1. Perception of digital reading
These days, there is concern about young children’s screen time and its impact on language and literacy development—with good reason. Unattended screen time is negatively correlated to children’s language and literacy development. However, screen time accompanied by “human interactive time [is actually] a critical component of literacy development” (Hutton et al., 2019).
Likewise, teacher-student and peer-to-peer interactive time throughout school remain critical components of continued language and literacy development. When engaged in digital reading at school, the purpose for reading, depth of vocabulary, knowledge about the text, collaboration with peers, and responding to reading play far more significant roles in student success than paper or platform (Singer & Alexander, 2017; Sullivan & Puntambekar, 2015). In other words, whether print or digital, it’s all about reading. To echo Willingham (2017), the cognitive processes of reading do not change, and neither do the best practices that guide students to deep and engaged reading.
2. Purpose for reading
Comprehension differences among students reading digital texts appear to be more strongly connected to goal-directed reading and word count. Once again, human interactive time is critical to student success. In this case, the interactive time would be focused on the purpose for reading and why either digital or print texts better serve that purpose.
For example, if the purpose for reading is to memorize Lincoln’s Gettysburg Address, students should get a printed copy. However, if the purpose is to analyze Lincoln’s word choice and his rationale for referencing the Declaration of Independence rather than the US Constitution in the address, then access to multiple online texts—including historical archives—is required. Learners might review Lincoln’s handwritten copy of the address or the first photo discovered of Lincoln at Gettysburg. Accessing these archives can bring history closer to the learner. A realistic perception of place and a clear purpose for reading sets the stage for deep reading, no matter the environment.
3. Product of reading
The product of reading is simply the reader’s response to it. With students in the primary grades, products of digital reading often focus on language development, word recognition, and comprehension (Zipke, 2017). In the middle and upper grades, traditional response-to-reading strategies easily transfer from print to digital. For example:
- “Headings and highlights” focuses on deep reading, collaboration, and creative writing (Schwartz, 2016). Students work in partnership, identifying key ideas with highlights and summarizing text or a moment in time with four-word headlines. Partners can work remotely with online annotation tools or within a digital platform like myON, which supports teacher-created Projects that include both individual and collaborative tasks.Sample activity: With our nation involved in difficult conversations about racism, students at all grade levels, with developmentally appropriate guidance, might research a significant moment in history and apply its impact to their lives today. Students might, for example, start by watching a PBS news story about Marian Anderson’s concert at the Lincoln Memorial in 1939. Students then “work backwards” to explore why the event was moved to this location. Access to firsthand accounts and to Anderson’s performance, including her purposeful change to the “My Country ‘Tis of Thee” lyrics, speak volumes. To share this in a four-word headline requires extensive collaboration and conversation among students.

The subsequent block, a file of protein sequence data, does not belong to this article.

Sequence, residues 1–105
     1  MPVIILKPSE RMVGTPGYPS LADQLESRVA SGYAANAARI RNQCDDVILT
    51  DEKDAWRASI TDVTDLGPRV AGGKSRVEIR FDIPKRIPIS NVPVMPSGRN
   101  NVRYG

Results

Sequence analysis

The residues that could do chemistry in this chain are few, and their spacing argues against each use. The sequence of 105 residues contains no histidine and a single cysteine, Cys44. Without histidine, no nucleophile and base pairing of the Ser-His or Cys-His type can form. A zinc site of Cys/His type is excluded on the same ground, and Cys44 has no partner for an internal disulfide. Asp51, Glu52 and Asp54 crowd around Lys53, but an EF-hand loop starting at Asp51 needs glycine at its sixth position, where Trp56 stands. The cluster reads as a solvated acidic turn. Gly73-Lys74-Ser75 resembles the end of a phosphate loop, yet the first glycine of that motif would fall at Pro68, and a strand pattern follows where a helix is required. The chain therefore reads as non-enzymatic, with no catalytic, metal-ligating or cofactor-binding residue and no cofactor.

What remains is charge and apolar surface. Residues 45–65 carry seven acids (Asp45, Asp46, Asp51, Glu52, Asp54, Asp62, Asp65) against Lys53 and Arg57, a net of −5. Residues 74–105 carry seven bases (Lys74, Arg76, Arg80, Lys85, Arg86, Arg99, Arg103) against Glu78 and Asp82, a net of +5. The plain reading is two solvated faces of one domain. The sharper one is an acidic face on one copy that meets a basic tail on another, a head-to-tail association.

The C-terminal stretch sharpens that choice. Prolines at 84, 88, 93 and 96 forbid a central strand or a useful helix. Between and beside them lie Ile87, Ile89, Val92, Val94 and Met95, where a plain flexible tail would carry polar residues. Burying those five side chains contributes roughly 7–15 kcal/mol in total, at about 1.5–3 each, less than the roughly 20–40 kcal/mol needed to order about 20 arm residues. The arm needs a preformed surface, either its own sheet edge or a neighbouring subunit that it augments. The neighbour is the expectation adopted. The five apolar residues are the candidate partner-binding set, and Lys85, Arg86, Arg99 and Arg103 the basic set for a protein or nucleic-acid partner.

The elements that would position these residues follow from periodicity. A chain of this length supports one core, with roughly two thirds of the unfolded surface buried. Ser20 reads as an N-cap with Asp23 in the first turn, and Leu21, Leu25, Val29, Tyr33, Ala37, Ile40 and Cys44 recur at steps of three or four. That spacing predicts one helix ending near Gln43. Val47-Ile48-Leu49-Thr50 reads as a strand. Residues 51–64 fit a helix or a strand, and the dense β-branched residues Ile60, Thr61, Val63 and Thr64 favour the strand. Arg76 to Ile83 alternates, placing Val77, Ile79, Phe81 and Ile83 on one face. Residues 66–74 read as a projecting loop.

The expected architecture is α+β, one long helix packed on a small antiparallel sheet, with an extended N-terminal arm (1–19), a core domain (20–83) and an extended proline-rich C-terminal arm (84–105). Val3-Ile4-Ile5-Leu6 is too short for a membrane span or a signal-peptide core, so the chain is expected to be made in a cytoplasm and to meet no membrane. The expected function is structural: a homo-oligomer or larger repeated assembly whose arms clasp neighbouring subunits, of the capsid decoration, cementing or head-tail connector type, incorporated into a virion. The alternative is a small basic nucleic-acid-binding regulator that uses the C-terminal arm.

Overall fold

- “Worth a thousand words” focuses on images in the digital space (Hochman & Wexler, 2017). Following digital reading, students work with a partner to identify, or create, an image central to the meaning of the text. The partners then design a question inspired by both the image and the text. Students pose their questions to peers (with teacher guidance) and engage in text-based discussions about the images.Sample activity: This technique works with both the Lincoln and Anderson examples. In the case of the Gettysburg Address, the image of Lincoln would ignite meaningful conversation. For Anderson’s concert, consider replacing an image with the audio of Anderson to generate meaningful conversation and rich, text-based questions.Emergent readers can also easily engage in this technique in order to share what they learn through digital reading. For example, Bear Says Thank You (ATOS 0.8), which is available digitally on myON, is rich in meaning and imagery. Children can select an image from the book and lead a thoughtful, text-based discussion with peers.